Treasure Detectives on CNBC A Fake Baseball Card and A Fake Tiffany Lamp
Treasure Detectives is a very interesting show that deals with the authenticity of collectibles. In this blog post, I’d like for you to consider the psychology of the collectors, something I hope you can relate to and definitely a good object lesson to be learned from. I deal with the mind set of collector’s all the time and, coincidentally, it turned out that on the same morning as the TV show, I had three paintings to evaluate for authenticity come into the lab… all of them before noon!
Tues. March 12th’s episode dealt with the value of a potentially super valuable baseball card and a Tiffany lamp.
The two owners of the two items were in a completely different place mentally.
- The baseball card owner had inherited the card in 1980 and had, over the years revered it and made up an incredible story and value in his mind. For him, the item was absolutely authentic and its potential value of $3 million was tied tightly to his ego.
- The Tiffany lamp was bought a few years ago by a very experienced antiques collector who states that he has the largest and most valuable collection of Tiffany in the State of Kentucky.
In the case of the baseball card, it turned out that several details sunk that boat and it was declared 100% fake. The owner was devastated, of course, but made worst by the fact that the owner took the news personally. The provenance, the reverence for such a rare item, the story the owner had in his mind all contributed to him not looking at this “investment” in an objective way. By the way, it is my estimate that the authentication processes they went through on the show could have cost the owner about $15,000.00 if he were paying for the work and research.
The Tiffany lamp turned out to be a 1950s reproduction and was fraudulently sold as a Tiffany. In other words, the purpose was to deceive. The owner was disappointed naturally but it was interesting to me that an experienced antiques buyer and one so familiar with Tiffany would buy something BEFORE having it checked out. I’m sure he shrugged off the $5,000.00 purchase price of his bogus lamp and moved on to other hunting grounds. It is my estimate that the authentication process they went through on the show could have cost the owner about $10,000.00 of he were paying for the work and research.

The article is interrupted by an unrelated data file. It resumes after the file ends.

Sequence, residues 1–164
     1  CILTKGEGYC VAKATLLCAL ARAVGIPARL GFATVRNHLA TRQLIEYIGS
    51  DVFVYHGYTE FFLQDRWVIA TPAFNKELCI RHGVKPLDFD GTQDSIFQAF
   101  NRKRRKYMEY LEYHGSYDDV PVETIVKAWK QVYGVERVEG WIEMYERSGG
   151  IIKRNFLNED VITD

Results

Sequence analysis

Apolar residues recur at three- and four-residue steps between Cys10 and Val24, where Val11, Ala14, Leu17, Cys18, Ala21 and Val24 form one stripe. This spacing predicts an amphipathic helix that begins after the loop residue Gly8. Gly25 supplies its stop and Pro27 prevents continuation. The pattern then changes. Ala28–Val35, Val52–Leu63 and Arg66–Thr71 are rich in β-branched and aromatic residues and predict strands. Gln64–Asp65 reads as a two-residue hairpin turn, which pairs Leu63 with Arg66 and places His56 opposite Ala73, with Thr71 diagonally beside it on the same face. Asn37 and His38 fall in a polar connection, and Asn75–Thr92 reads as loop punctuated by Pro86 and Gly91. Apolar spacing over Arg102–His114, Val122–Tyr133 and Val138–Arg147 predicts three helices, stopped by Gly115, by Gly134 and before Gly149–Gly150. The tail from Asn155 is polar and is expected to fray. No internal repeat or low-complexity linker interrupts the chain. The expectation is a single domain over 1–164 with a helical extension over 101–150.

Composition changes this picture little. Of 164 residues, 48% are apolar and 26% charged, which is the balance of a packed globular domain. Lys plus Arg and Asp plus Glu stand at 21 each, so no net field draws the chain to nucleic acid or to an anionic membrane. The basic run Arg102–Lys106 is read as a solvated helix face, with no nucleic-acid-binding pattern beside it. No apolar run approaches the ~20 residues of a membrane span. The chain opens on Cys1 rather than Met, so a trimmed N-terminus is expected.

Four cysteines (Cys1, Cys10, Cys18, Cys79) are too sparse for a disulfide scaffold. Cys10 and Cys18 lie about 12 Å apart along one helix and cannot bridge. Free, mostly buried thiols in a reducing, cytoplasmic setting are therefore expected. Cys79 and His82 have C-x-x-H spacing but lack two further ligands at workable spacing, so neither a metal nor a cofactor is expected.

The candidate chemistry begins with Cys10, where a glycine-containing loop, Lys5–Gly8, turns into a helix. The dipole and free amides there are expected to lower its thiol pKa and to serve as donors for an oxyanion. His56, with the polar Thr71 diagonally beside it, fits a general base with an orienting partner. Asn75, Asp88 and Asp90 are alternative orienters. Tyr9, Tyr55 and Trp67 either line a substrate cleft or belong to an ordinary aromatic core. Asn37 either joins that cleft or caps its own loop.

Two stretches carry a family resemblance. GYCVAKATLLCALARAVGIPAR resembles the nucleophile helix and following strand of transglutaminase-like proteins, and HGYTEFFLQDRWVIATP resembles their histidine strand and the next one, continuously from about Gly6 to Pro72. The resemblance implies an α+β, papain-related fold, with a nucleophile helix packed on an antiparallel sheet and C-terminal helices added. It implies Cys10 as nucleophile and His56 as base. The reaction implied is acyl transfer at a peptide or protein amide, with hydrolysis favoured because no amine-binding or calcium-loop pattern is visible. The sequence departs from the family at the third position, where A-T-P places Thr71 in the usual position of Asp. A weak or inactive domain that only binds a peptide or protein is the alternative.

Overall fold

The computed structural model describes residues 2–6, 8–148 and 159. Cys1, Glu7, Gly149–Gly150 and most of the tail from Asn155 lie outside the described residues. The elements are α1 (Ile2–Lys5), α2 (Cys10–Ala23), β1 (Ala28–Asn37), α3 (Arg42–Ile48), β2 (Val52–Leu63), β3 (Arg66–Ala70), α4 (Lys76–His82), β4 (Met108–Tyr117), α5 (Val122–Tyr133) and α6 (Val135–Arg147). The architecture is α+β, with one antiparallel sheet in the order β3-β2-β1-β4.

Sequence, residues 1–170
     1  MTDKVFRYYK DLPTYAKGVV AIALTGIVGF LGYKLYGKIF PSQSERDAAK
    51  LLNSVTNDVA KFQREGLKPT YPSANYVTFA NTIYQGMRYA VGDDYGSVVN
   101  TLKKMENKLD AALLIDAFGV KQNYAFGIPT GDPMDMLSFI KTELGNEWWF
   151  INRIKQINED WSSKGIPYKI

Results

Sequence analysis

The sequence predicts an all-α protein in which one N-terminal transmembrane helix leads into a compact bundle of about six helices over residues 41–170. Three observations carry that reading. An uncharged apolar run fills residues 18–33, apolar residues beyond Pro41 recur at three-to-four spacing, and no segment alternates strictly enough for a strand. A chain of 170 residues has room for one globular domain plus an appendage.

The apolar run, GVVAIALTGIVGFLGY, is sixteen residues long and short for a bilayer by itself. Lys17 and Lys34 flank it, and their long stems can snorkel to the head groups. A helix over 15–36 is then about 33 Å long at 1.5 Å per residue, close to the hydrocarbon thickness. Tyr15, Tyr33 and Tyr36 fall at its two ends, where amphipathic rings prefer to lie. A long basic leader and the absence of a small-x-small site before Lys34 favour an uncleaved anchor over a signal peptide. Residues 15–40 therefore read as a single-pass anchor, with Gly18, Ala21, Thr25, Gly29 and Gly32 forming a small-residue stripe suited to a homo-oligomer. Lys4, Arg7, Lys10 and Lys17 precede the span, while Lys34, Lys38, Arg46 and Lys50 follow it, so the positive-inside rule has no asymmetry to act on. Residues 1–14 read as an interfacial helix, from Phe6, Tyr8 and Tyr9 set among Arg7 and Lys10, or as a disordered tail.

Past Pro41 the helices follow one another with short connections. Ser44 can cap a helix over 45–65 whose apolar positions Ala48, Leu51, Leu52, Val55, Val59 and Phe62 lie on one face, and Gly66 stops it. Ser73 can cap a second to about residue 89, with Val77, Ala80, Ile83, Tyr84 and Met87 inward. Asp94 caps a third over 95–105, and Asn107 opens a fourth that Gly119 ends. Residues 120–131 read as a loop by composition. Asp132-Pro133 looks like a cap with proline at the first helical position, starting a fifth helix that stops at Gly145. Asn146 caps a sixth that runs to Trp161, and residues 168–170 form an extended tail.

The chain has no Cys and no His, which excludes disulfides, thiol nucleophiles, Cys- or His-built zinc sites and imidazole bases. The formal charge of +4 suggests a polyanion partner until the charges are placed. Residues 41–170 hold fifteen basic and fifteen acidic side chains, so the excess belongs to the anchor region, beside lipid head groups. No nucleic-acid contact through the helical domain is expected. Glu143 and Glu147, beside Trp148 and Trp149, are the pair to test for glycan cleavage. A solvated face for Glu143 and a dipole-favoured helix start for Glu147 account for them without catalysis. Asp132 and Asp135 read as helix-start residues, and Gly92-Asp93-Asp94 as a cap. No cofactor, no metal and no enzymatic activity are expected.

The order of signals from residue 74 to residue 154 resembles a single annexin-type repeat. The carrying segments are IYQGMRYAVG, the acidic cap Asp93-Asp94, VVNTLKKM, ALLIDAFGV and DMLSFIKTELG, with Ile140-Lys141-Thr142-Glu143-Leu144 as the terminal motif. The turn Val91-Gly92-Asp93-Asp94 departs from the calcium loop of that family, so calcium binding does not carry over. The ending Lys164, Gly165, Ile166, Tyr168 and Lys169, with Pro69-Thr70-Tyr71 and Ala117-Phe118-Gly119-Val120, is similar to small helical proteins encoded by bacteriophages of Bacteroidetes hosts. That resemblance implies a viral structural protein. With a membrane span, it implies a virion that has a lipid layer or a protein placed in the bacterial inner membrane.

Here are a couple of suggestions that could be learned from this episode of Treasure Detectives:
- Have your item checked out by experts prior to a purchase or caveat emptor and suffer the consequences.
- Provenance or the documented history of the item is as easy to make up as a good story. Fake provenances are more common than good ones. If the documentation is made up of physical papers etc and they all look good… be more wary the more expensive the item is being sold for.
- Consider that all experience dealers and collectors buy fake stuff. Don’t take it personally… but don’t get taken too often! #1 on this list will keep this from happening to you. One of my dealer-clients hasn’t bought a painting in 30 years with a fake signature because I look at each and every purchase for him PRIOR to buying if he has the minimal question.
- Ebay will increase your chances of buying something fake
One of the basic methods for inspecting artwork prior to purchase is with a strong UV blacklight. See this article and video for more info: http://tipsforfineartcollectors.org/blacklight-package/ This is not a slam-dunk-easy-to-read method for seeing previous restorations and other important details. It requires lots of practice on lots of different kinds of items. But its fun!
In the program’s own words: “Treasure Detectives takes you deep inside the world of arts, antiques and collectibles. Curtis Dowling and his team of investigators verify the authenticity of collectibles, artwork and antiquities using innovative technology and street smarts. Is it a fake or is it worth a fortune?”
For a news article featuring Scott M. Haskins’s, Click here: http://www.fineartconservationlab.com/media-room/art-restorerconservator-scott-m-haskins-featured-in-life-section-of-newspaper/
For art conservation, painting restoration and authentication questions call Scott M. Haskins 805 564 3438 or email@example.com
For art appraisal questions call Richard Holgate at 805 895 5121 or firstname.lastname@example.org
See short videos by Scott M. Haskins on art conservation related subjects at YouTube channel “Bestartdoc” http://www.youtube.com/user/bestartdoc?feature=mhee
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See short do-it-yourself videos on collection care and emergency preparedness for art collectors, family history items, heirlooms, memorabilia at Youtube Channel “preservationcoach” http://www.youtube.com/user/preservationcoach
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